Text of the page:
Lighting tips

If the loco has globes for lighting then consider replacing them with Led’s. Globes draw more current, especially when cold, they get hot when left on for a long time and often fail because they are getting full voltage on DCC, unlike when connected through the motor on DC.

Besides we make money selling you Led’s. We have both prototype white for steam and early diesels and sunny white for modern diesels, in a range of sizes. (see Modelling Tips – Fitting Led’s) You will see in the photo Led’s installed in place of the factory fitted globes.


Where do you stick the decoder?

Now’s the hard bit. If you can not fit a Direct Plug decoder, then you need to find space in the loco. Steam locos are usually ok as the DCC plug is often in the tender. Some like the Hornby Flying Scotsman have a plug on the loco chassis, so you need to find space there.


Early Austrains C class and early NRs have a cut-away section at the rear of the chassis weight that will fit most decoders. Some N gauge locos can be interesting and may need the chassis modified or have a wagon permanently attached for a speaker, if fitting sound.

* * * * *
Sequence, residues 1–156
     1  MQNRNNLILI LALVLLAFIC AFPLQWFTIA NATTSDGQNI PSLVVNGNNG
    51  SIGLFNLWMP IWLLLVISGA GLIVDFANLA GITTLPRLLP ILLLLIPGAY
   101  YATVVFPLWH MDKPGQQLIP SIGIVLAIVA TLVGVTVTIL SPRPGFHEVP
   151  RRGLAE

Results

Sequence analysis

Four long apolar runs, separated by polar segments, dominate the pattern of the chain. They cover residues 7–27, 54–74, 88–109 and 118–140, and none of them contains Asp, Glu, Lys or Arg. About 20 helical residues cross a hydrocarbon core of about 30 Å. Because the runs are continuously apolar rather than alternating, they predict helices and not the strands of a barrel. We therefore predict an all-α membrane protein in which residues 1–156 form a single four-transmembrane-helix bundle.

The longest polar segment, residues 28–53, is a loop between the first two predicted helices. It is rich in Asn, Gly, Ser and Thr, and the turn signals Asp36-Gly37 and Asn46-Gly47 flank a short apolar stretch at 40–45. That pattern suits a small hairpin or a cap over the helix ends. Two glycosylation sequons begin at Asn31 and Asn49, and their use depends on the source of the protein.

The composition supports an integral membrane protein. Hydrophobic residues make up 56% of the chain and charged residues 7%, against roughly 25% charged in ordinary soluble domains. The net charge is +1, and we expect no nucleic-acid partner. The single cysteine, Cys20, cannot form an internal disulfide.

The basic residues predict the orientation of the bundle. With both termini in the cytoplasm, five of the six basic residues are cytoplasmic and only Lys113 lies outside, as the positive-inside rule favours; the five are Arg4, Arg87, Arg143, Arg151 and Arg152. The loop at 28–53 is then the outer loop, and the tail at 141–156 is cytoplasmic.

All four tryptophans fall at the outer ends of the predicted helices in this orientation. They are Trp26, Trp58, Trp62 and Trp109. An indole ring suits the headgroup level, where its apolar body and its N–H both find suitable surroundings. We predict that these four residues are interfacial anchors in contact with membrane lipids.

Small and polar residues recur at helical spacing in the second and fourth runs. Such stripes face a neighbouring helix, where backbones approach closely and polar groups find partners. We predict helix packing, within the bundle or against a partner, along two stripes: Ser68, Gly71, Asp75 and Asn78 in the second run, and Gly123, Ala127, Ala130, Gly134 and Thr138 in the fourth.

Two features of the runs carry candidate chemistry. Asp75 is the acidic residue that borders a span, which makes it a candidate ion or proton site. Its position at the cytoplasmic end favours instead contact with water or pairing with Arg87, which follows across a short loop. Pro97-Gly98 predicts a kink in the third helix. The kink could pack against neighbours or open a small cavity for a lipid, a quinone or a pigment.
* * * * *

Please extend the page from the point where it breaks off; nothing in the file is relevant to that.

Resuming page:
Use a good quality double sided tape to secure the decoder making sure the wires are well clear of flywheels and rotating drive shafts. Make sure there is enough free air space around the decoder for dissipating heat. I’m not a fan of sticking decoders to the loco or tender body, as they do get hot, hot enough to melt plastic. Use shrink-wrap tube to cover any soldered joins to stop smoke coming out. Good for keeping wires bundled together too!  


Decoders and noise suppression

Some locos such as Hornby are fitted with noise suppressors in the wiring circuit. This is usually fitted across the two motor connections and works great on DC. DCC often ‘sees’ this as a ‘dead short’ and wont program. Other times the locos just run poorly while fitted, so I often remove these suppressors and bin them. Noise suppressors can be seen in the photo of the Hornby steam loco. These will soon get the flick.


Fitting Sound Decoders